The game is over in Afghanistan. An American presence can no longer serve any purpose. It can only extend and exacerbate the pathologies of this war. It is time to get out, and more quickly than President Barack Obama had been planning. The consequences of leaving may be grim, but the consequences of staying are probably grimmer. • Sunday's massacre in Kandahar province, in which a veteran U.S. Army staff sergeant sneaked out of his base at 3 a.m. and methodically gunned down 16 Afghan civilians, including nine children, is but the latest sign of a massive unraveling.
Two weekends earlier, an Afghan gunman killed two U.S. officers inside the Interior Ministry's headquarters (making the ninth and 10th Americans who have lost their lives this year at the hands of Afghans they'd been training). Shortly before then, violent riots broke out when Americans were discovered burning copies of the Koran. Just two days before the Kandahar rampage, NATO helicopters in eastern Afghanistan fired on a group of civilians, killing four and injuring three, prompting large street protests.
Finally, the New York Times reports that Afghan President Hamid Karzai is starting to enforce a law banning the use of private security guards to protect foreign business and aid workers, requiring that Afghan police be used instead. Western officials predict the new law will shut down nearly every development project; no civilians would want to stick around without someone reliable guarding their backs — and after the string of incidents, no Afghan can be regarded as reliable, any more than Afghans can regard any American as reliable.
That's the problem. The U.S. and NATO strategy in Afghanistan relies on building trust, and those bonds of trust — always tenuous at best — are now severed, perhaps irreparably.
Trust has been a centerpiece of the basic counterinsurgency strategy, which calls for NATO troops to focus on protecting the Afghan people, living among them, gaining intelligence from them on the insurgency, and helping to provide them basic services, in order to strengthen the ties between the people and their government, and thus to undermine their ties to the Taliban.
Trust has also been essential to the transition strategy, in which NATO troops train and gradually hand over authority to the Afghan army and police.
The counterinsurgency strategy falls apart if the Afghan people have to worry that an American soldier in their midst might come murder their family in the night. The transition strategy falls apart if NATO troops have to worry that an Afghan cop or soldier they're training might, at any moment, shoot them in the back.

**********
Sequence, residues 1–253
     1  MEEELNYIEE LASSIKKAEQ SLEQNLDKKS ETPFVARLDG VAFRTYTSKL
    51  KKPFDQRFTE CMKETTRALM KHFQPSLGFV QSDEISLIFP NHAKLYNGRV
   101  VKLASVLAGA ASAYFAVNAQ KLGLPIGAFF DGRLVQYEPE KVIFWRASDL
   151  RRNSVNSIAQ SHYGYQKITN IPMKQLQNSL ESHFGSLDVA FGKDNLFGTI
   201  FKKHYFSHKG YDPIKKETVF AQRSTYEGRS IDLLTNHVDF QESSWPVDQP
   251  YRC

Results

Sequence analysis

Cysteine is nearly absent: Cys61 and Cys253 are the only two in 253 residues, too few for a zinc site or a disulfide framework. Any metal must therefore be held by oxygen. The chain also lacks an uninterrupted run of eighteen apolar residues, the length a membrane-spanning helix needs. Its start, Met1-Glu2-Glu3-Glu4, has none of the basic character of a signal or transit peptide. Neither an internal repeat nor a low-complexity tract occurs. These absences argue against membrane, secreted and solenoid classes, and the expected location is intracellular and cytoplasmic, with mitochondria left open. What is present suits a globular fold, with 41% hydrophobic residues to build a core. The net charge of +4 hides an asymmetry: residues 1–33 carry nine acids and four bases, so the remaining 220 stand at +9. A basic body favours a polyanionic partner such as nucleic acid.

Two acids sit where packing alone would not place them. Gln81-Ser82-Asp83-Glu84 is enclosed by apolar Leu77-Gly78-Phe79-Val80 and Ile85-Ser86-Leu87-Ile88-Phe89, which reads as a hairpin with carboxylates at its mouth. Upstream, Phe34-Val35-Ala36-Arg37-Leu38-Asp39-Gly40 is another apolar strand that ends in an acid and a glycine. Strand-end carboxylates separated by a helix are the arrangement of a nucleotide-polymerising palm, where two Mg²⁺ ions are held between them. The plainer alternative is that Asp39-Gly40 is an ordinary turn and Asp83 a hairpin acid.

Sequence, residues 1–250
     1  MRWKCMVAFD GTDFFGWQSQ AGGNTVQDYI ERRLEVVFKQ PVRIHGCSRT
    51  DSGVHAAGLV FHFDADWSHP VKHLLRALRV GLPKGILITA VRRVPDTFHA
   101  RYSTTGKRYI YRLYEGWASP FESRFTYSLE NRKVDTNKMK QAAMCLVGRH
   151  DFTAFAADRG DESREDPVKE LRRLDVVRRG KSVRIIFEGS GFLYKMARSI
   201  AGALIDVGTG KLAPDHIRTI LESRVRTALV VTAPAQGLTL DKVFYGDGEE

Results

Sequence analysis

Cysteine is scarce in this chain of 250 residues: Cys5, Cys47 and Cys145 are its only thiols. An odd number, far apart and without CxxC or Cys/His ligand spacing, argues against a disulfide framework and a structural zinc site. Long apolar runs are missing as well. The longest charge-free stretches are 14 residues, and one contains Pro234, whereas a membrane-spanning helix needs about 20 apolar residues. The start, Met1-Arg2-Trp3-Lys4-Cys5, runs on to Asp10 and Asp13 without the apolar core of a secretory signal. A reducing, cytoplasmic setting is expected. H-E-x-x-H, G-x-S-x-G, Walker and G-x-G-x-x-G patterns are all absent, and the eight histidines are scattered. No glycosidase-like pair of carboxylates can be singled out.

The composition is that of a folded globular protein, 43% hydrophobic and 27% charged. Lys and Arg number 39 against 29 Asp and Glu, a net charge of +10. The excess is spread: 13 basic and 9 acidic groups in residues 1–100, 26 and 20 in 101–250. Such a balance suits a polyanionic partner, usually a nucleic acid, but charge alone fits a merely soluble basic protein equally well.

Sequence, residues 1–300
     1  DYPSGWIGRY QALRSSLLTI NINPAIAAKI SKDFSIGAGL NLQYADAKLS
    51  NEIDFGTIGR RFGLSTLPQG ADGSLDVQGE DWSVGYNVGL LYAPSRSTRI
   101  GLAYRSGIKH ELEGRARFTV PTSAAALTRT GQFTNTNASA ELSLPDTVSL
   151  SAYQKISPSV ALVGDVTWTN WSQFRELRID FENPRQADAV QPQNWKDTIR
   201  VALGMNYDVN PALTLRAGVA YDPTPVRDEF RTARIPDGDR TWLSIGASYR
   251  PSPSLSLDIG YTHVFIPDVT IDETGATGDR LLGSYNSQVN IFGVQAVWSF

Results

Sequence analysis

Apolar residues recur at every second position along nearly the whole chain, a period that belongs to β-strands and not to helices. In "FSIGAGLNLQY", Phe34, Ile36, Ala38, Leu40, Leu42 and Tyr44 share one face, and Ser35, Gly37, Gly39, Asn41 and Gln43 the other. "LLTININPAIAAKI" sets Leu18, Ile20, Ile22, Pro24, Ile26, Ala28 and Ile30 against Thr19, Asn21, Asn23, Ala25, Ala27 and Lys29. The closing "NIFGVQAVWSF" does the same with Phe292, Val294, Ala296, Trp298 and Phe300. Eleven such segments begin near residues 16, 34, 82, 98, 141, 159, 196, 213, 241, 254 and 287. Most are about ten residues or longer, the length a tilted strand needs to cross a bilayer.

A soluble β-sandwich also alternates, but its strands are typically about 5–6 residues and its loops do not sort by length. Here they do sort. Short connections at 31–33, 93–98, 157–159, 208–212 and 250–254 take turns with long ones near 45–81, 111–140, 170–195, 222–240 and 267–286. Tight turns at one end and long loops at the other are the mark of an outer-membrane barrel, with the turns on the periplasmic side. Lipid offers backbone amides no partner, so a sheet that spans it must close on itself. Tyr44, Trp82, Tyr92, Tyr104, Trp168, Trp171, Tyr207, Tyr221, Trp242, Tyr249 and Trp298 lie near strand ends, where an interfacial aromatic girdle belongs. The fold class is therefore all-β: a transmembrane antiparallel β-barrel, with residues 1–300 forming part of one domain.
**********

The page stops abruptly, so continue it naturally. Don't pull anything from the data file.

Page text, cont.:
Some of this collapse might be contained if a respected Afghan leader tamped down the outrage. These recent killings are, in one sense, anomalies. The Koran burnings, bureaucratic incompetence; the helicopter shootings in Kapisa province, an accident of warfare; the Kandahar massacre, an isolated case of, apparently, a soldier gone haywire; even the shootings of the two U.S. officers at the Interior Ministry's headquarters seem to have been motivated by unique circumstances.
But Karzai is not highly respected among his people. And because he's not very popular, he can't risk losing further favor by standing up for foreign armies, especially now.
Karzai first tried to ban private security guards in October 2010, until Gen. David Petraeus, then the U.S. commander in Afghanistan, talked him out of it, convincing him that it would likely shut down all Western-funded development projects. In November 2010, in the wake of a spate of accidental civilian casualties, Karzai demanded that the United States cut back on military operations and stop the Special Operations Forces' nighttime raids altogether, seeing them as a violation of Afghan sovereignty and dignity. The raids were taking a huge toll on Taliban fighters; U.S. commanders saw them as essential to the war plan. Petraeus phoned Karzai's national security adviser and said, "Your president has put me in an untenable position. Please take note of that word. I chose it carefully."
Fearing that Petraeus might resign, which would almost certainly have marked a prelude to U.S. withdrawal, Karzai backpedaled instantly. Sixteen months later, "untenable" seems an apt description of our alliance with Karzai's government and thus our strategy in this war. It's time to cut losses, because whatever gains the war might once have offered are now nowhere in sight.
Fred Kaplan, a senior Schwartz fellow at the New America Foundation, is writing a book on the group of soldier-scholars who changed American military strategy.
© 2012 Slate